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Norway Chess R7: Giri Blunders, Loses to Karjakin

  • PeterDoggers
  • on 6/10/14, 5:59 PM.

The seventh round of the Norway Chess tournament saw just one decisive game: Anish Giri was an Exchange up for a long time against Sergey Karjakin but blundered terribly on move 131 (!) and had to resign immediately. Karjakin has joined Magnus Carlsen, Fabiano Caruana and Vladimir Kramnik in first place, with two rounds to go which will be played on Thursday and Friday.

It's arguably the worst way of losing: trying hard for hours and hours to win a better, possibly winning position but then blundering the game away. This is what happened to Anish Giri on Tuesday in Norway; if anyone would never lose this game it was the Dutchman, but it happened anyway, after many hours of play, and after the official commentary had already finished.

In a Symmetrical English not much was going on for a long time, but Giri was better and eventually won an Exchange on move 75. Lots of shuffling followed, but he did make progress and finally he reached a winning position. Update: as Henk Jonker emailed us, it's not so clear actually. See the game annotations. But then he didn't see the right queen maneuver that would have allowed him to activate his rook, and it must have been tiredness what happened at the end. Such a shame!

A terrible blunder

This was in fact one of four games that took longer than five and a half hours!

Carlsen gave Grischuk an unpleasant afternoon in a Grünfeld, where the ending is supposed to be theoretically OK for Black, but not in this game. After 26 moves Grischuk had all his pieces on the first rank and a bad pawn structure. He said: “If I had Instagram I would put this position from Black's point of view and hashtag #excitingchess.” 

Even when he gets quite far in a quiet ending like that, Carlsen can be critical of himself: “I'm not sure there was a win but I could have done better.” About the tournament situation he said: “Everything has been going the right way for me the last couple of rounds, not necessarily in terms of my play but in terms of other results so. Normally with plus one it would have been, now it was not. Certainly I hoped to win because I had a very pleasant position.”

Kramnik came close to a win, but Aronian found a miraculous escape: just when the Russian felt he was going to score a full point, his opponent played a combination that led to perpetual check, and it was correct in every line. Splended defense!

Caruana got into trouble against Topalov in a very theoretical line of the Sicilian, English Attack. Caruana: “I was probably completely lost. I couldn't remember anything.” Topalov: “Actually I'm not sure it's possible to remember.”

Amazingly, Agdestein keeps on drawing his games after getting excellent positions. Svidler had looked at his French Defense the night before, starting at 11pm and thinking, at 3 am, “I really should get some sleep!” By then, and also the next morning, the Russian grandmaster hadn't succeeded in finding anything against it. “It started as fun but it was an incredibly depressing experience.” Agdestein: “It's a bit like the Berlin Defense.”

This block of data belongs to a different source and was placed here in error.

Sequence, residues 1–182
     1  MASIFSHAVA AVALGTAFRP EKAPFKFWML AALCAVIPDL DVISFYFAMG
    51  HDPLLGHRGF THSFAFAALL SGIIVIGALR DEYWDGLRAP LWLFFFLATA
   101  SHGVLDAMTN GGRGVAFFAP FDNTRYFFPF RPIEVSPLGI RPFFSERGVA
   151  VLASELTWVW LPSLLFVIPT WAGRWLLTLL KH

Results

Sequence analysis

And so Svidler went for a Réti, but that didn't go according to plan either. Agdestein was simply better after the opening, but was happy to repeat moves when Svidler did so. “An easy day at the office,” the Norwegian said.

And so, with two rounds to go, there is a four-way tie for first place. Topalov commented: “I am dreaming of sharing the first to the last place.”

Norway Chess 2014 | Pairings & Results

Round 1 03.06.14 15:30 CET   Round 2 04.06.14 15:30 CET
Aronian ½-½ Agdestein   Aronian 1-0 Karjakin
Karjakin ½-½ Topalov   Kramnik ½-½ Carlsen
Grischuk 0-1 Caruana   Caruana 1-0 Svidler
Carlsen ½-½ Giri   Topalov 0-1 Grischuk
Svidler ½-½ Kramnik   Agdestein ½-½ Giri
Round 3 05.06.14 15:30 CET   Round 4 07.06.14 15:30 CET
Karjakin ½-½ Agdestein   Aronian ½-½ Svidler
Grischuk 1-0 Aronian   Karjakin 1-0 Grischuk
Svidler ½-½ Topalov   Caruana ½-½ Giri
Carlsen ½-½ Caruana   Topalov ½-½ Carlsen
Giri 0-1 Kramnik   Agdestein ½-½ Kramnik
Round 5 08.06.14 15:30 CET   Round 6 09.06.14 15:30 CET
Grischuk ½-½ Agdestein   Aronian ½-½ Giri
Svidler ½-½ Karjakin   Karjakin ½-½ Carlsen
Carlsen 1-0 Aronian   Grischuk ½-½ Svidler
Giri 1-0 Topalov   Topalov 1-0 Kramnik
Kramnik 1-0  Caruana   Agdestein ½-½ Caruana
Round 7 10.06.14 15:30 CET   Round 8 12.06.14 15:30 CET
Svidler ½-½ Agdestein   Aronian - Caruana
Carlsen ½-½ Grischuk   Karjakin - Kramnik
Giri 0-1 Karjakin   Grischuk - Giri
Kramnik ½-½ Aronian   Svidler - Carlsen
Caruana ½-½ Topalov   Agdestein - Topalov
Round 9 13.06.14 14:30 CET        
Carlsen - Agdestein        
Giri - Svidler        
Kramnik - Grischuk        
Caruana - Karjakin        
Topalov - Aronian        


Norway Chess 2014 | Round 7 Standings

# Name Rtg Perf 1 2 3 4 5 6 7 8 9 0 Pts SB
1 Carlsen,Magnus 2881 2833 phpfCo1l0.png ½ ½ ½ ½ ½ 1 ½ 4.0/7 13.75
2 Kramnik,Vladimir 2783 2820 ½ phpfCo1l0.png 1 ½ 0 ½ ½ 1 4.0/7 13.75